The UK government has introduced its new secrecy law in Parliament, which, if enacted, would mean details of torture scandals like this would be hidden for ever.
24 June 2012
This picture of a British soldier with an Iraqi detainee, published in 2005 at a court martial, would never have been released under the UK government's new secret justice law.
Devastating new claims have been revealed of abuse by British soldiers carried out at a secret network of illegal prisons in the Iraqi desert.
One innocent civilian victim is said to have died after being assaulted aboard an RAF helicopter, while others were hooded, stripped and beaten at a camp set up at a remote phosphate mine deep in the desert.
The whereabouts of a separate group of 64 Iraqi men who were spirited away on two RAF Chinooks to a ‘black site’ prison, located at an oil pipeline pumping station, remain unknown.
Perhaps the most shocking aspect of these alleged abuses, which appear to have been flagrant breaches of international law, is that this secret network is claimed to have been sanctioned by senior Ministry of Defence lawyers.
Yet the top British Army lawyer on the ground in Iraq – who was supposed to be responsible for all aspects of prisoner detention – remained completely unaware of it.
Meanwhile, the Government last week introduced its new secrecy law in Parliament, which, if enacted, would mean details of the emerging scandal would be hidden for ever.
The role of both the soldiers and the lawyers in the alleged prisoner abuse will come under the spotlight tomorrow, when the first stage of a legal action on behalf of some of the victims is launched.
If the Justice and Security Bill becomes law, Ministers will be able to demand secret hearings, and to prevent the victims from ever seeing evidence about their claims.
Last night, Lieutenant Colonel Nicholas Mercer, the chief British Army lawyer in Iraq during the 2003 invasion, said what went on in the secret prison network amounted to ‘war crimes’. He said it was his part of his job to monitor the treatment of prisoners taken by British Forces and the conditions at detention facilities. But he was kept ‘totally in the dark’ about the secret network’s existence.
‘This prisoner facility operated entirely outside the normal chain of command,’ said Lieut Col Mercer, who has left the Army. ‘I find it remarkable that I knew nothing about it at the time. What is clear now is that, if the Justice and Security Bill does become law, the truth may never come out. These are alleged war crimes, but what Britain did may never be disclosed. Indeed, the Bill may be specifically designed to prevent such allegations ever coming to light.’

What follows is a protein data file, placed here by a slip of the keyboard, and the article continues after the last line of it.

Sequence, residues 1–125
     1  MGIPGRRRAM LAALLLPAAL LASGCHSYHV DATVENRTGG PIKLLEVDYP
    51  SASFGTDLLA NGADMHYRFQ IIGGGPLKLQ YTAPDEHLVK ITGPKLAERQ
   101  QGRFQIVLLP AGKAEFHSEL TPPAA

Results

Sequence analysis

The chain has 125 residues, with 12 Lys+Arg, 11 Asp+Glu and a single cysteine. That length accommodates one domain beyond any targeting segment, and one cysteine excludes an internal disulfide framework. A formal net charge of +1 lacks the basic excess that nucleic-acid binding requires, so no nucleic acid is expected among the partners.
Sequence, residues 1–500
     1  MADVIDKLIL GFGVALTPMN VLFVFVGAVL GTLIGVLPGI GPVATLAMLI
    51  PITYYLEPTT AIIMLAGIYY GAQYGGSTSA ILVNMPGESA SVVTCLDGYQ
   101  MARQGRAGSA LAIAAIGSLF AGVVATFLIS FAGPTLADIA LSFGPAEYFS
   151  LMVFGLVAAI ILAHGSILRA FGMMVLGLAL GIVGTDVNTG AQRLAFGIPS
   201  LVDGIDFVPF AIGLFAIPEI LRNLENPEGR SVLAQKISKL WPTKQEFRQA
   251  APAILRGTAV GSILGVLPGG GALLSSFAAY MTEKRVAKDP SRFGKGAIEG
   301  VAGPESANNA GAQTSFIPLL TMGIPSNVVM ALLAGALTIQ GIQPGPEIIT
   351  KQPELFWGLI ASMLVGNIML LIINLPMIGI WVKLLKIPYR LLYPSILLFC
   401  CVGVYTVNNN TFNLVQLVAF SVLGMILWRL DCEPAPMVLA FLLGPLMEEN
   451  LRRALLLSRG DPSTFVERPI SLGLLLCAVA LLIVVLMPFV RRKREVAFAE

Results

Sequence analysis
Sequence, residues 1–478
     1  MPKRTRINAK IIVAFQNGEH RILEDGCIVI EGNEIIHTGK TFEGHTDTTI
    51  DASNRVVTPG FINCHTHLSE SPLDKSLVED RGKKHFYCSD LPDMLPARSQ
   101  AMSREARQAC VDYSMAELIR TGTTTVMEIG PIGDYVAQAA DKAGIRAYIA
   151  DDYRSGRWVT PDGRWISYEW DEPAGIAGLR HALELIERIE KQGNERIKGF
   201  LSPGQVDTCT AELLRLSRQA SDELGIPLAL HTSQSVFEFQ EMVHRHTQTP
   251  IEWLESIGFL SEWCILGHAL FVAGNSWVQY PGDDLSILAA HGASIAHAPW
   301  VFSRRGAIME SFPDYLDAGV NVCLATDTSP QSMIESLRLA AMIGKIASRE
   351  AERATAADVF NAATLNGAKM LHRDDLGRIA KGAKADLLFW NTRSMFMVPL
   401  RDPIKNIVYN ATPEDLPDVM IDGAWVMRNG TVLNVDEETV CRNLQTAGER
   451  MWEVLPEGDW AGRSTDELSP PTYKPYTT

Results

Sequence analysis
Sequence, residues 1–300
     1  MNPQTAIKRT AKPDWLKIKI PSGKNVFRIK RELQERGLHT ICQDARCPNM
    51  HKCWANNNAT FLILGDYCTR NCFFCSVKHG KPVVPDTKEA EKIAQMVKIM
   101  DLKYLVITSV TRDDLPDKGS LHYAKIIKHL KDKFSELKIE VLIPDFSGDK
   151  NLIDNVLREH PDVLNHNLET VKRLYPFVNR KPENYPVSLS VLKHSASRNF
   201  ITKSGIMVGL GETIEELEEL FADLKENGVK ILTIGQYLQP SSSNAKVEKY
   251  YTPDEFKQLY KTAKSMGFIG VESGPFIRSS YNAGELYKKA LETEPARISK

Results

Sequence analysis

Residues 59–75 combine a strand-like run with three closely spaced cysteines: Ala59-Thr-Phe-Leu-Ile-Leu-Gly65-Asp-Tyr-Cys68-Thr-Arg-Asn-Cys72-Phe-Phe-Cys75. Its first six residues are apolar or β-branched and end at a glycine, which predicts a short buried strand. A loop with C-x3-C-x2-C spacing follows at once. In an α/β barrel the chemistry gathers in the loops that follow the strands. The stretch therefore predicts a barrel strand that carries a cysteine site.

Senior Conservative MP David Davis said the Bill seemed to be ‘tailored to produce a cover-up’. He said: ‘I find it astonishing that the military authorities responsible for the legality of prisoner detention were not even notified about these secret camps. If these allegations are substantiated, they amount to a serious blow to the rule of law. The Bill, if passed, would be another, giving Ministers the power effectively to instruct judges to withhold evidence in court cases.’
The pending action will be taken by solicitor Phil Shiner of Public Interest Lawyers, whose earlier work brought to light details of the murders of the hotel worker Baha Mousa and other Iraqis detained by British troops. The new focus is on a number of almost simultaneous incidents at two black site locations. It is thought there were at least two more.
The first location, a desert oil pumping station known as ‘H1’, was the destination for 64 prisoners picked up by the Australian SAS close to Iraq’s western border on April 12, 2003. This was almost a week after the final collapse of Saddam Hussein’s regime, but under international law, there was still a state of war, meaning Britain should have been strictly bound by the Geneva Conventions.
Sources say that H1 was run jointly by British Forces and the American CIA, and that interrogation methods were often brutal.
One of the 64 men, a Baghdad odd-job man named Tariq Sabri, was allegedly kicked to death by a member of the RAF regiment aboard one of the Chinooks. But although there was an official investigation, it failed to establish the cause of Mr Sabri’s death, because he was buried in the desert without a post mortem. A pathologist was not asked whether Mr Sabri should be exhumed for more than a year, at which point he concluded it was too late.
However, a leaked RAF report provides documentary evidence that prisoners on the helicopter were assaulted while they were handcuffed, hooded, and were knelt on if they ‘refused to adopt the required position’.
Another man who ultimately survived was unconscious and unresponsive when the flight landed, and a third lost his prosthetic legs. According to the RAF report, the two unconscious men – one of them Mr Sabri – were loaded, face down, into a Humvee high-mobility tactical vehicle, one on top of the other.
By the time it reached the camp, Mr Sabri was dead. His hood had been fixed so tightly over his face it had to be cut off.
The final fate of the surviving 63 prisoners flown to H1 remains unknown, and there is speculation some, at least, may have been ‘rendered’ to a US prison outside Iraq – yet another potentially illegal act.
The pending action will high- light a second camp, described as ‘Station 22,’ whose existence is today revealed by The Mail on Sunday for the first time.
Witnesses who have made contact with Mr Shiner say it was established at a phosphate mine near the town of Al-Qaim, close to the Syrian border, after Saddam’s regime fell.Three former prisoners, all of them civilians, who say they had no connection with Saddam’s dictatorship or his Ba’ath political party, have given statements to Mr Shiner and his colleagues.